Ken Anderson was glad to be back at Ericson Field on Saturday.

Now that he’s retired from coaching in the NFL, the legendary Vikings quarterback looks forward to more frequent trips to his alma mater in the years to come.

Anderson had his No. 14 Augustana jersey retired during a ceremony at halftime of Saturday’s 17-14 loss to Adrian, becoming the first Vikings football player to receive the honor.

Anderson, who went on to star with the NFL’s Cincinnati Bengals for 16 seasons after graduating from Augustana in 1970, stood at midfield with athletic director Mike Zapolski as he presented the star QB with a framed No. 14 jersey.

“This is a special day for me,” Anderson said. “It’s nice now that I’m retired and I’ve got time to come back more often than when I was playing and coaching.”

Anderson, who is enjoying retired life living in Hilton Head, S.C., said he made it back to the Quad-Cities three times last year, and he hopes to do the same in the future.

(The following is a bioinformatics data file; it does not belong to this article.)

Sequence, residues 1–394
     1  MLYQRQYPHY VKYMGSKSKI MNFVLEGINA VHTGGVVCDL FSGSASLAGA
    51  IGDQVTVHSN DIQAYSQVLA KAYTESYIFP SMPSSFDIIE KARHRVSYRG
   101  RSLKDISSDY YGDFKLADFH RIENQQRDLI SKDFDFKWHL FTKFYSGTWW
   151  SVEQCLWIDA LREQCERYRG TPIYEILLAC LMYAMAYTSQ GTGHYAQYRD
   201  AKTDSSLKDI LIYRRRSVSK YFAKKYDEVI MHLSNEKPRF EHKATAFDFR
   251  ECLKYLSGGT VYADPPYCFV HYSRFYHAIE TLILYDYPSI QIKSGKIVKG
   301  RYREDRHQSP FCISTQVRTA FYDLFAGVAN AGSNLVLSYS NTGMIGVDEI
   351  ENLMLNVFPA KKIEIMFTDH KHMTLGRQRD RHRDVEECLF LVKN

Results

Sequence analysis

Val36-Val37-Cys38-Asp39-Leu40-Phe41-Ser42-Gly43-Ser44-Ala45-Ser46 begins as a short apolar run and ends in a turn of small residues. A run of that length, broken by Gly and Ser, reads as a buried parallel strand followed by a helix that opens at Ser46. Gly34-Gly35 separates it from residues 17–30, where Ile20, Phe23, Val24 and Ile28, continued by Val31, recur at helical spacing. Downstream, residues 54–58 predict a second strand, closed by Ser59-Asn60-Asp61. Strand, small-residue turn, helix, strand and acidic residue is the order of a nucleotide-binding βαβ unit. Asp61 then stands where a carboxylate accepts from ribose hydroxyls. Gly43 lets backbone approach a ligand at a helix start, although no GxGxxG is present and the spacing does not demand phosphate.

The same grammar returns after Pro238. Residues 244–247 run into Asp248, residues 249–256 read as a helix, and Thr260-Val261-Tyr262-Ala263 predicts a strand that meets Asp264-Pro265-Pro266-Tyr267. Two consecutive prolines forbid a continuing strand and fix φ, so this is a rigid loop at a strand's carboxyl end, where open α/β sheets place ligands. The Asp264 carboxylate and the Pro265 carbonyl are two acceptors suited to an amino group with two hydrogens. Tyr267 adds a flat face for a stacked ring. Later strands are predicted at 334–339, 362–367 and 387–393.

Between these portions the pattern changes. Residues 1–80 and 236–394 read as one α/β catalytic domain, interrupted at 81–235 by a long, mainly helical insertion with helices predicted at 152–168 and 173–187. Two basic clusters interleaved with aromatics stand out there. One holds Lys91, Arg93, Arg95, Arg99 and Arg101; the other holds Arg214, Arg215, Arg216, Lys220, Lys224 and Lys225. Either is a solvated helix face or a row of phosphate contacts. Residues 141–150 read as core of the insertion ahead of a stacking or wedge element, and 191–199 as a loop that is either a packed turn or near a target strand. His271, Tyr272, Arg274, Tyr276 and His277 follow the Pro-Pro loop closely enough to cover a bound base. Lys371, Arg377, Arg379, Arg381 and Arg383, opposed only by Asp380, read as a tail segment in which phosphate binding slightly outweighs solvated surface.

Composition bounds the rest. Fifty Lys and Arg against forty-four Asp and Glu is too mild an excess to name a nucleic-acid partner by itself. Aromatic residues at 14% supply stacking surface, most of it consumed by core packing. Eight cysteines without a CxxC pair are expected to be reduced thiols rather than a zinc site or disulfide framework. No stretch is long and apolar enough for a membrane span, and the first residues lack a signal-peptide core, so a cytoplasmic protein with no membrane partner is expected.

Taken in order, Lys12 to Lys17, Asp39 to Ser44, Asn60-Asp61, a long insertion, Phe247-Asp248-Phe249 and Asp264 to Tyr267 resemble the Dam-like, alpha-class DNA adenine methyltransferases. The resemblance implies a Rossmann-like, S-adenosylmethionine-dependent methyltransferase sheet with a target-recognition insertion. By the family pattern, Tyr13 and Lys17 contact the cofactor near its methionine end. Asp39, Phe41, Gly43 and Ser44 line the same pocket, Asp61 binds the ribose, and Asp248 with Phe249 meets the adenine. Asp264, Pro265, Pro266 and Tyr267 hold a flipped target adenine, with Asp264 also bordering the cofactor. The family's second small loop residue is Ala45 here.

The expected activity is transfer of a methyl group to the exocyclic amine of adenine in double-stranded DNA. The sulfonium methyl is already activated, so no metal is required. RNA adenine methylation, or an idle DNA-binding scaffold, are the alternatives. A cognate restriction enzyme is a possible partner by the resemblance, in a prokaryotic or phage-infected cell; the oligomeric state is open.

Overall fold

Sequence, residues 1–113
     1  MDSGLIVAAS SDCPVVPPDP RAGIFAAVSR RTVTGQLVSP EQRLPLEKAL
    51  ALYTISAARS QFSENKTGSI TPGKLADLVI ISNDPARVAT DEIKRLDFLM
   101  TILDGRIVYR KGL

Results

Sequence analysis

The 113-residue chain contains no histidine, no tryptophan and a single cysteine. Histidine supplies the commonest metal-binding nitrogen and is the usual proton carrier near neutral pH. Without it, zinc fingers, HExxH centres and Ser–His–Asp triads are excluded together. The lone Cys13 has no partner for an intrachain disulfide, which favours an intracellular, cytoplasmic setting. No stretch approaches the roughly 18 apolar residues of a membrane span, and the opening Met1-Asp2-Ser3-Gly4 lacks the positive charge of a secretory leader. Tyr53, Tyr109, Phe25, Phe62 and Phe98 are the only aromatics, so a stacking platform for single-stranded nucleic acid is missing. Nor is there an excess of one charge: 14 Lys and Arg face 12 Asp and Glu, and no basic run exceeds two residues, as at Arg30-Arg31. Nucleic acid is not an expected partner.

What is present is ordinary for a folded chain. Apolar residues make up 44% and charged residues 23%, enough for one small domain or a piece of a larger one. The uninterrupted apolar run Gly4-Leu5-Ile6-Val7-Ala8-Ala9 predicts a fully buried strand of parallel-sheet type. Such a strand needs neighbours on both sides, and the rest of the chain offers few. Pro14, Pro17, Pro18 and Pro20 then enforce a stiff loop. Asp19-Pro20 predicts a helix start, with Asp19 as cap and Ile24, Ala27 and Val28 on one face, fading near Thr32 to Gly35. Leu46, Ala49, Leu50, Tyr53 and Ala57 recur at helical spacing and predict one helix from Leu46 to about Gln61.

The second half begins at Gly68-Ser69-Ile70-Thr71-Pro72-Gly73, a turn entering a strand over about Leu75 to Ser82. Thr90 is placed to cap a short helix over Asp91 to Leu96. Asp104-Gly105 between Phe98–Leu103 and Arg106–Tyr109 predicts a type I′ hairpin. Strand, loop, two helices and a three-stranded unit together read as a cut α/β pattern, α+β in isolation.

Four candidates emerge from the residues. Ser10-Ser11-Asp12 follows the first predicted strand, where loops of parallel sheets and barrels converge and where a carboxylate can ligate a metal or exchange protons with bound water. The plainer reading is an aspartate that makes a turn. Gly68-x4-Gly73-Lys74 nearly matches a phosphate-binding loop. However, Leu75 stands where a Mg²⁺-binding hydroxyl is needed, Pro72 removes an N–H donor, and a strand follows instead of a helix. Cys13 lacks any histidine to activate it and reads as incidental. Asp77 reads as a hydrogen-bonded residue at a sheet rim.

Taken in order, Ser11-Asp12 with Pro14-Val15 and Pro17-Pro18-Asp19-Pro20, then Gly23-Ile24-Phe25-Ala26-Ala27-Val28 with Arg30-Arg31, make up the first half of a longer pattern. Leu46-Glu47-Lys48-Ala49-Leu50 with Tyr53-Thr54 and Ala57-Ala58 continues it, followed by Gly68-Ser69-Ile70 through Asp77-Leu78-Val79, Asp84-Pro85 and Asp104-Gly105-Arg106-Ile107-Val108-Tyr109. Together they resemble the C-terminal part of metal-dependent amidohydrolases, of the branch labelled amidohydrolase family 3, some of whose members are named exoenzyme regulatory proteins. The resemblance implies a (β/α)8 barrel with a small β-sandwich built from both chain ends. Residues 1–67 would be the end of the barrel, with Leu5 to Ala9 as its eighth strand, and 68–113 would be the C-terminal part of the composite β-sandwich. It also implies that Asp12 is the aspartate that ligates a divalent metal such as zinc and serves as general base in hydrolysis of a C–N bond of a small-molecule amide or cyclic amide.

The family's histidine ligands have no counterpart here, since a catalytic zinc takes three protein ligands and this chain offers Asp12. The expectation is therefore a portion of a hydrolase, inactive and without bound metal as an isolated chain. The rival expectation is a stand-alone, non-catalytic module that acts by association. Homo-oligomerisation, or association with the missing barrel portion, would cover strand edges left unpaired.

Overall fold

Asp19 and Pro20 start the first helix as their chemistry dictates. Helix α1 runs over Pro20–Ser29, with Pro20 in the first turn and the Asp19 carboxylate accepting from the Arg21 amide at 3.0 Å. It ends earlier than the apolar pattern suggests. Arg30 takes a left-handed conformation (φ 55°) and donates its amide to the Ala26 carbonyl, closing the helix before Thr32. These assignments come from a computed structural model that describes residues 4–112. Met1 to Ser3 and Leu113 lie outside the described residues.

It’s possible that Anderson one day could return to the Q-C as a Hall of Famer.

Now that he’s been retired from the NFL for 25 years, Anderson is eligible to enter the Pro Football Hall of Fame through the Seniors Committee.

Multiple online reports, including from SI.com’s Peter King, have trumpeted Anderson, who was a finalist in 1996 and 1998, as a legitimate candidate for induction. And then there’s Bengals fan David Kubicki, who has gained media attention by starting a campaign to get Anderson in the Hall.

Anderson’s numbers certainly stack up. He led the NFL in passing yardage twice, completion percentage three times and passing efficiency four times, a number topped only by the San Francisco 49ers’ Steve Young. Anderson, the 1981 NFL MVP, finished with 32,838 yards passing for his career and led the Bengals to Super Bowl XVI, where they lost 26-21 to Joe Montana and the 49ers.

“I appreciate the people that did a lot of work putting my story out, if you will,” Anderson said. “But it’s all up to the voters. I don’t know what the criteria for the Hall of Fame is. The bottom line is, whether it’s my college career or my pro career, I’m pretty happy with it and I’m satisfied with that.”